The opinion of the court was delivered by: SCHOONMAKER
SCHOONMAKER, District Judge.
In an opinion filed herein on July 10, 1942. 54 F.Supp. 19, we held that Andrew C. Lyons, as operating partner of the firm of Lyons Transportation Company, had knowledge of such facts leading up to damages claimed by libelant, that we could not find the partnership composed of Andrew C. Lyons and J. Huber Wagner was without privity or knowledge of the facts that caused or contributed to the damage sustained. We concluded that their petition to limit liability should be denied.
On July 16, 1942, a decree was entered on this opinion holding Andrew C. Lyons and J. Huber Wagner, individually and trading as Lyons Transportation Company, a partnership, liable for the damages sustained by libelant, and not entitled to claim limitation of liability, as prayed for in their answer.
On July 28, 1942, J. Huber Wagner and Beatrice Lyons, administratrix of the estate of Andrew C. Lyons, deceased, petitioned this court to amend this decree of July 16, 1942, by striking out that part of the decree which held them individually liable.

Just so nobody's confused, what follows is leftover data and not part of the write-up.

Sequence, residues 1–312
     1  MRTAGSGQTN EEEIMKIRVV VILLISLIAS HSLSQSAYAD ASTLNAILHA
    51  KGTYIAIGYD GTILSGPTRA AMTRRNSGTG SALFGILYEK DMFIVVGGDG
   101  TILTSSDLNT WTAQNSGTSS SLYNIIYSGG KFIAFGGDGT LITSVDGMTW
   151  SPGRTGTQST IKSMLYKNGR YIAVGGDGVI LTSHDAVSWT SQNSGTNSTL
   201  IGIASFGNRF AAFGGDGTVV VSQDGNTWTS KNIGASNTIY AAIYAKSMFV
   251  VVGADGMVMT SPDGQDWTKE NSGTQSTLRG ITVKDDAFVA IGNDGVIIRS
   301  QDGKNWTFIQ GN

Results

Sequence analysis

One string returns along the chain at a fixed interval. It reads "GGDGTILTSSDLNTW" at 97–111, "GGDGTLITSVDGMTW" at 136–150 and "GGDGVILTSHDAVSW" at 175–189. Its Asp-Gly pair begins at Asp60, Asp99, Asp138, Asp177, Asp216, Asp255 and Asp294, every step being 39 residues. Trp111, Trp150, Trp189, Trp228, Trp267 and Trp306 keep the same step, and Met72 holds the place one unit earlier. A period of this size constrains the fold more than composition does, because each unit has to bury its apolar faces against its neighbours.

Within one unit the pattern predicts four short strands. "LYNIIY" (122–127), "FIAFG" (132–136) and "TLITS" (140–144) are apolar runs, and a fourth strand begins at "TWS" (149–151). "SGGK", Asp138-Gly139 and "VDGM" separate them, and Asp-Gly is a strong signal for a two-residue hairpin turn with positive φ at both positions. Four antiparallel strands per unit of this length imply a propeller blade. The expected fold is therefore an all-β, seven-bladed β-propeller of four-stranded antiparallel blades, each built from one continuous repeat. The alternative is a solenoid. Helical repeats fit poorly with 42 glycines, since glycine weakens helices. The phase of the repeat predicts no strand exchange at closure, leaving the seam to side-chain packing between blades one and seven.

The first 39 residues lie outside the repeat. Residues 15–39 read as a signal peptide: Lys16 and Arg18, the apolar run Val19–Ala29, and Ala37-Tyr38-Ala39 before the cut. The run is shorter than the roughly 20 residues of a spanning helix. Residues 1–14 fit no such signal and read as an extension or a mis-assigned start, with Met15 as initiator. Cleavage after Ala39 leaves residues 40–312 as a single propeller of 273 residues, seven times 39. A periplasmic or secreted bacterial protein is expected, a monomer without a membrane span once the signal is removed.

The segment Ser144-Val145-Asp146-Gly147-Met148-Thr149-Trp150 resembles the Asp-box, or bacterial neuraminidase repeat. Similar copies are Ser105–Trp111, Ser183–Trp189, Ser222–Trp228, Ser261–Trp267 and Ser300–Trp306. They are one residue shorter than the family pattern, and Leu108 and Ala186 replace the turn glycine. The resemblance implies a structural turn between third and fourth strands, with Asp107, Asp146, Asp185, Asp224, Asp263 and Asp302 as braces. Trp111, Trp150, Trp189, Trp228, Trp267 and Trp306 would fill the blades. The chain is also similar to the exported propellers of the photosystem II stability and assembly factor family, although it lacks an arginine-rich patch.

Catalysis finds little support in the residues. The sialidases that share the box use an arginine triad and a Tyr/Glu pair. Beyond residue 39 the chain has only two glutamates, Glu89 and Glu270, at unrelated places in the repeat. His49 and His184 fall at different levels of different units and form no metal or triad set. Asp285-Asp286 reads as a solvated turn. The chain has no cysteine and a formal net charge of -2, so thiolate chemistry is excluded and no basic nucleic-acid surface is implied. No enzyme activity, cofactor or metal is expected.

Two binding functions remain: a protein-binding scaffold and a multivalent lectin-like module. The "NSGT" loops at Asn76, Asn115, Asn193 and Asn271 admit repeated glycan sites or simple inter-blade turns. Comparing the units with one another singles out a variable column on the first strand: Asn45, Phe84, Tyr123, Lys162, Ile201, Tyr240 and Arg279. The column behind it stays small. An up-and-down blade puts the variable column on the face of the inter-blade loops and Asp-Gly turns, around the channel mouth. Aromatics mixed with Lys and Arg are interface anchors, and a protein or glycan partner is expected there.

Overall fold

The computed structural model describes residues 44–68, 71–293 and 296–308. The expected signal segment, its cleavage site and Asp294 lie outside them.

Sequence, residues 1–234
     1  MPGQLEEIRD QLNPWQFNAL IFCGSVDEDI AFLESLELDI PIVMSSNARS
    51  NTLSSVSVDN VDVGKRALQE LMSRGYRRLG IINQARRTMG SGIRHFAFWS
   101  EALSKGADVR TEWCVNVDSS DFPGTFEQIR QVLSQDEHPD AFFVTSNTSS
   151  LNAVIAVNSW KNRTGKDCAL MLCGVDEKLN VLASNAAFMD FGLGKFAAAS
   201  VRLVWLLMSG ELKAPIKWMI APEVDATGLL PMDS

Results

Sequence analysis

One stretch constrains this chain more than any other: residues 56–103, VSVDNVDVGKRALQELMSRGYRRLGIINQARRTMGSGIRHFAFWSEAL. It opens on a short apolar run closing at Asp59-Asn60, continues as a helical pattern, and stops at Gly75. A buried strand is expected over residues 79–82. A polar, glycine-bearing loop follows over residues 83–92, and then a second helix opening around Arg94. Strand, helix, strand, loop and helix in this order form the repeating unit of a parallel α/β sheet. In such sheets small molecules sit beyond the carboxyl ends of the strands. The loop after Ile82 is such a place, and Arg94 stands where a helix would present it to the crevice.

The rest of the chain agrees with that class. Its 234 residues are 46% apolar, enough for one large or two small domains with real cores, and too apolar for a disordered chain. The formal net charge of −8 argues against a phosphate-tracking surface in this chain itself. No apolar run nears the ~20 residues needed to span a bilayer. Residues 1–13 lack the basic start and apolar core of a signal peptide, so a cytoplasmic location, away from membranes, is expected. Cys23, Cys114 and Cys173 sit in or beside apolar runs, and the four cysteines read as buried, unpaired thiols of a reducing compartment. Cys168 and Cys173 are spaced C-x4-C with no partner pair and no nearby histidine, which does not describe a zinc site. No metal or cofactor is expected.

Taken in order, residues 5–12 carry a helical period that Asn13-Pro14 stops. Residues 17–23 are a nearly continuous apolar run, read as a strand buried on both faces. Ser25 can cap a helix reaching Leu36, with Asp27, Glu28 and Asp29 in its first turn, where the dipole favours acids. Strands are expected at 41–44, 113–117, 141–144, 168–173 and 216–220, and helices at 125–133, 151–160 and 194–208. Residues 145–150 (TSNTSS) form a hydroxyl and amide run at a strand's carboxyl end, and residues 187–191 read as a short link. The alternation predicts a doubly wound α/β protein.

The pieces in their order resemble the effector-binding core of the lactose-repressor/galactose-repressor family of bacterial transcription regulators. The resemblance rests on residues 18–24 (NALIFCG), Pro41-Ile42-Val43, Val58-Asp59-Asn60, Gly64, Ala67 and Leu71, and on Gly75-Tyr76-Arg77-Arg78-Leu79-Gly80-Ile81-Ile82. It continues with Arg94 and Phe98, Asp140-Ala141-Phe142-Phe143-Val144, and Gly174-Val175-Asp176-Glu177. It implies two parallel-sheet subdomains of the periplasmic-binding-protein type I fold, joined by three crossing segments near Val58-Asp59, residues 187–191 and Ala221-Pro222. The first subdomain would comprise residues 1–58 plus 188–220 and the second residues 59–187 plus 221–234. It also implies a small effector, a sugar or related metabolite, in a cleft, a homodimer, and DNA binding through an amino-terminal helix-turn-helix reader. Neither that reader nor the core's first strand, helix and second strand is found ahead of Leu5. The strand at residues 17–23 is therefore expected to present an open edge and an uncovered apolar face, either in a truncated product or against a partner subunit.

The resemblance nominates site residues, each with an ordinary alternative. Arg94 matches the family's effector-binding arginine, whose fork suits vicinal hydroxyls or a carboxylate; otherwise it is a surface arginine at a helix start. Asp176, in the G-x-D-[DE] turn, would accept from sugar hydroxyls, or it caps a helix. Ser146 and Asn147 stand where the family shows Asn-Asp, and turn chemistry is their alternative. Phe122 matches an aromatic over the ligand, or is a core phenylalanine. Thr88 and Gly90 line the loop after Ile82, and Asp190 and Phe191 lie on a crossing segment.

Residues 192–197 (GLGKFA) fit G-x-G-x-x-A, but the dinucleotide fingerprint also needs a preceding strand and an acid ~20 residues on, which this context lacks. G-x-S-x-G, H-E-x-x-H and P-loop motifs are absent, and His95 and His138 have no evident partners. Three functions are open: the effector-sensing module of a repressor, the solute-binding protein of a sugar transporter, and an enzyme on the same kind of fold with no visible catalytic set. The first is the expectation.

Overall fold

On July 30, 1942, this decree was vacated by consent of the parties, in order to permit a further hearing on the question of limitation of their liability. On October 19, 1942, J. Huber Wagner petitioned for a reargument on the petition, asserting it was admitted of record that J. Huber Wagner was without privity to the occurrence. Accordingly, on October 23, 1942, there was a further hearing on the question of liability.
We may say, with reference to our opinion of July 10, 1942, that we made no finding that J. Huber Wagner personally had any privity or knowledge of facts causing or contributing to the damage sustained by the libelant.
J. Huber Wagner and Andrew C. Lyons, partners trading as Lyons Transportation Company, made the answer and claim for limitation of liability. It appears to us that the effect of our finding was to bind Andrew C. Lyons and the partnership assets of the Lyons Transportation Company. We did not intend then to bind J. Huber Wagner personally for any damages awarded to libelant in this case, because he personally had no knowledge of the operation of the boat, took no part therein, nor in the events leading to this proceeding. As to Andrew C. Lyons, we find no reason to reopen the case as to him on the question of limitation of liability.
Findings of fact, conclusions of law, and decree in accordance with our opinion of July 10, 1942, and this opinion, may be submitted.
© 1992-2004 VersusLaw ...